Postal Service suffers red ink for 11th straight year as mail slumps
WASHINGTON — The beleaguered U.S. Postal Service reported a financial loss Tuesday for the 11th straight year, citing declining mail volume and costs of its pension and health care obligations even as it predicted another strong holiday season of package deliveries.
It pleaded for more freedom to raise stamp prices to help keep pace with consumer demand for everquicker deliveries from online shopping.
Without help, “our financial results will continue to deteriorate and likely at an accelerated rate,” Postmaster General Megan Brennan said. “We cannot generate enough revenue or cut enough costs to pay all of our bills.”
The Postal Service reported a loss of $2.7 billion for the fiscal year that ended Sept. 30. That was better than a $5.6 billion loss in the prior year but was mainly due to fluctuations in interest rates that reduced workers’ compensation expenses.
The 2017 loss came after a double-digit increase in package delivery was unable to offset drop-offs in letter mail, which makes up more than 70 percent of total postal revenue. Mail volume fell by roughly 5 billion pieces, or 3.6 percent, as people in the digital age rely more on email for online bill payments.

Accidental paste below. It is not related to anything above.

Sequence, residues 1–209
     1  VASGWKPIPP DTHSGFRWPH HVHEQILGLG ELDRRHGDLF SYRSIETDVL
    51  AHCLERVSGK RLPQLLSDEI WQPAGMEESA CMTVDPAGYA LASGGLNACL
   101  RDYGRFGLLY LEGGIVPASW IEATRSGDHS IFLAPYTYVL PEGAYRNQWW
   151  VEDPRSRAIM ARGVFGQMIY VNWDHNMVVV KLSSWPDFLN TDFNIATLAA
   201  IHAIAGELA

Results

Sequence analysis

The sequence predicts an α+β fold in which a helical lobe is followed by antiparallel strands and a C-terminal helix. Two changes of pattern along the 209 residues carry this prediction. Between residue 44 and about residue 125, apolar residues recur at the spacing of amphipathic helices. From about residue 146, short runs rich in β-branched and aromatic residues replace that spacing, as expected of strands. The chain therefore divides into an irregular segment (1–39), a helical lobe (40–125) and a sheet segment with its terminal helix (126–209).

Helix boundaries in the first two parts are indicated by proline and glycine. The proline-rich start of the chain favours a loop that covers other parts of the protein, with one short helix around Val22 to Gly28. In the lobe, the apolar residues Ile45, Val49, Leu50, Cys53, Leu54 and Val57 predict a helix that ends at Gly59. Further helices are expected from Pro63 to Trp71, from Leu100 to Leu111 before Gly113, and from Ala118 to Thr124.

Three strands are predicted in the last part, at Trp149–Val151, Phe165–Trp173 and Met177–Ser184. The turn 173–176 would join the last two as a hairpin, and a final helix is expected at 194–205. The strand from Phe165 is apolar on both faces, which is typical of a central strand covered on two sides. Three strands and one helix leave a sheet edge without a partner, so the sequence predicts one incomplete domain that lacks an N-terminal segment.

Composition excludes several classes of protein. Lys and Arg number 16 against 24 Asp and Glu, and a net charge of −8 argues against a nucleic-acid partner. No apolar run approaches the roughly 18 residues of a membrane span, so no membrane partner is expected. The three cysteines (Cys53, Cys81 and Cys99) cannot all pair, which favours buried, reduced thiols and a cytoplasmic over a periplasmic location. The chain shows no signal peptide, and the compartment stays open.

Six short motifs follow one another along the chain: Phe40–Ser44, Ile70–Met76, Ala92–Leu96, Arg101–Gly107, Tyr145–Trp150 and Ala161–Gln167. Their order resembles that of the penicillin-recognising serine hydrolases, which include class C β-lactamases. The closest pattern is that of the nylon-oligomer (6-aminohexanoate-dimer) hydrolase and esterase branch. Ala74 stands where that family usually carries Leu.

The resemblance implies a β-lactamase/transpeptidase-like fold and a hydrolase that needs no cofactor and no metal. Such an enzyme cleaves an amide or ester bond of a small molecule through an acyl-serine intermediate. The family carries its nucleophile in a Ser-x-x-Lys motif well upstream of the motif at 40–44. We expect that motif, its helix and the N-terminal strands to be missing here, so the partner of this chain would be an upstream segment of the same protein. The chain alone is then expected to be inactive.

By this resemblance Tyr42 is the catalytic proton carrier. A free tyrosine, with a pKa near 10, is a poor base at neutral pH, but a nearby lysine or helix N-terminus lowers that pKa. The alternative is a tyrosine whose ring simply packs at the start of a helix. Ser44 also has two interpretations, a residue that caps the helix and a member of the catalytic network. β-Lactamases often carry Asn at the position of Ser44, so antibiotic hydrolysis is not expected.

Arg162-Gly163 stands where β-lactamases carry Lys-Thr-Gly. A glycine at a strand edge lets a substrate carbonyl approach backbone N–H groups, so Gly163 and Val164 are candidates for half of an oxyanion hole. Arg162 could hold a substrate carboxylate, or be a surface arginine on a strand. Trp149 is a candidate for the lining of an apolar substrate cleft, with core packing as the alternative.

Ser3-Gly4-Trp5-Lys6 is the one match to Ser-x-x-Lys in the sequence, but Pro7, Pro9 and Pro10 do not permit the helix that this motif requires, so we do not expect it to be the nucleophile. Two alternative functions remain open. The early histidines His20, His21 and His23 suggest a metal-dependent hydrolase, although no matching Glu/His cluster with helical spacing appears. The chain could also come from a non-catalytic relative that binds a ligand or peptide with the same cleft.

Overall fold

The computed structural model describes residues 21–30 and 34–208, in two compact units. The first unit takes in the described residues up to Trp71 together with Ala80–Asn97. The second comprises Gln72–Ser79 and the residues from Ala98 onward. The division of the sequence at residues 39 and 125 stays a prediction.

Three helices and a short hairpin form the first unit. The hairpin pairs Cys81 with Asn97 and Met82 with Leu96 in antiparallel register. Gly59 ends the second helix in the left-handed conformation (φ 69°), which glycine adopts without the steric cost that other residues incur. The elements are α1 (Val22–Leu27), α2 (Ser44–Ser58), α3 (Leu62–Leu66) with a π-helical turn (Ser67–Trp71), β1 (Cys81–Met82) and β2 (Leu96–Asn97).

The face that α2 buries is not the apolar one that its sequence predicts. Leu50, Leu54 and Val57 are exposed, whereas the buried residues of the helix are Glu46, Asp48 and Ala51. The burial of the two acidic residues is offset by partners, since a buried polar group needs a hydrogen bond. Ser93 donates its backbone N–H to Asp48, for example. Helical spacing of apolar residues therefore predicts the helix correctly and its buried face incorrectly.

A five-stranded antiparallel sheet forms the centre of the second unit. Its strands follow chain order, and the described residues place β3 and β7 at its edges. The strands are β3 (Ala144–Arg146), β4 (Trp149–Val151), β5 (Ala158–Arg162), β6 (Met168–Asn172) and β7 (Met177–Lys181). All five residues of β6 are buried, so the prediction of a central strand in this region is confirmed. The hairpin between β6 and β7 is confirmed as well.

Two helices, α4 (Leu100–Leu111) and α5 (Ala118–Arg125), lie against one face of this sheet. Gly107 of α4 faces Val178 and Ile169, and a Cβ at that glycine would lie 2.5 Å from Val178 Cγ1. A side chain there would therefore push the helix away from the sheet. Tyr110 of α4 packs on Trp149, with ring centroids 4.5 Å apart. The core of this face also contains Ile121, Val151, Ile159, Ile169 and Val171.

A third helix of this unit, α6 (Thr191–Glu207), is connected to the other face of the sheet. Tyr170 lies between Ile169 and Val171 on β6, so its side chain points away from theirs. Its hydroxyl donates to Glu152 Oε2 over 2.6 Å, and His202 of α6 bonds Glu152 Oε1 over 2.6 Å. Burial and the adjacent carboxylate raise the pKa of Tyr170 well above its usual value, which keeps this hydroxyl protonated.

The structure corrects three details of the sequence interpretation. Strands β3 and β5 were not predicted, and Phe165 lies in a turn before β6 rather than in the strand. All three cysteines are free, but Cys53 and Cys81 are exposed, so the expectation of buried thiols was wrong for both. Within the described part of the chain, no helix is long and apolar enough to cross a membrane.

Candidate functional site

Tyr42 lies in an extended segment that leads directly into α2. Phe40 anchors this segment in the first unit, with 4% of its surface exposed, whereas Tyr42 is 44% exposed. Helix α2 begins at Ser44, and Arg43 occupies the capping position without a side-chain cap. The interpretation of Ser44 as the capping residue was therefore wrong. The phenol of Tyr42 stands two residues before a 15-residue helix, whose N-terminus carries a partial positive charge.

Revenue came to $69.6 billion, down from $71.5 billion last year.
The Postal Regulatory Commission will issue a decision in the coming weeks that could give the Postal Service more flexibility to raise prices beyond the rate of inflation, marking the biggest change in its pricing system in nearly a halfcentury.
The price of a first-class stamp, now 49 cents, is slated to increase by one penny in January because of inflation.
The Postal Service, an independent agency, is trying to stay financially afloat as it seeks to invest billions in new delivery trucks to get packages more nimbly to American homes.
With the holiday season near, Brennan said, the Postal Service added hours to include early morning and evening package deliveries and was expanding service on Sundays.